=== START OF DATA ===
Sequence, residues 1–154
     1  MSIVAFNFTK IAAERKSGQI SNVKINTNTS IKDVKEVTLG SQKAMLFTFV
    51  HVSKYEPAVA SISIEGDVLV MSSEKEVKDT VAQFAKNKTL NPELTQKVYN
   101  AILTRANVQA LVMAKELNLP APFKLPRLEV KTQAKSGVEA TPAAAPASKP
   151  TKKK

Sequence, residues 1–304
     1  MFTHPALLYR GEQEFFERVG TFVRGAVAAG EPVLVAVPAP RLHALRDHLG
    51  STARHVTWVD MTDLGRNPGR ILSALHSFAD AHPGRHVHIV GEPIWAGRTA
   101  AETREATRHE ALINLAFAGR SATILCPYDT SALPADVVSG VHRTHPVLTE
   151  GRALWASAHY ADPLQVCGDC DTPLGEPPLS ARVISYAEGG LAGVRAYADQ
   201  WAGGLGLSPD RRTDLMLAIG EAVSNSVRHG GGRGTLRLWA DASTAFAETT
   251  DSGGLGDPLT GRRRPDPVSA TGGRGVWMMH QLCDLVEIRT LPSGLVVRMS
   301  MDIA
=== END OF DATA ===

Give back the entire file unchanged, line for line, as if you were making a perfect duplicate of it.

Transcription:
Sequence, residues 1–154
     1  MSIVAFNFTK IAAERKSGQI SNVKINTNTS IKDVKEVTLG SQKAMLFTFV
    51  HVSKYEPAVA SISIEGDVLV MSSEKEVKDT VAQFAKNKTL NPELTQKVYN
   101  AILTRANVQA LVMAKELNLP APFKLPRLEV KTQAKSGVEA TPAAAPASKP
   151  TKKK

Sequence, residues 1–304
     1  MFTHPALLYR GEQEFFERVG TFVRGAVAAG EPVLVAVPAP RLHALRDHLG
    51  STARHVTWVD MTDLGRNPGR ILSALHSFAD AHPGRHVHIV GEPIWAGRTA
   101  AETREATRHE ALINLAFAGR SATILCPYDT SALPADVVSG VHRTHPVLTE
   151  GRALWASAHY ADPLQVCGDC DTPLGEPPLS ARVISYAEGG LAGVRAYADQ
   201  WAGGLGLSPD RRTDLMLAIG EAVSNSVRHG GGRGTLRLWA DASTAFAETT
   251  DSGGLGDPLT GRRRPDPVSA TGGRGVWMMH QLCDLVEIRT LPSGLVVRMS
   301  MDIA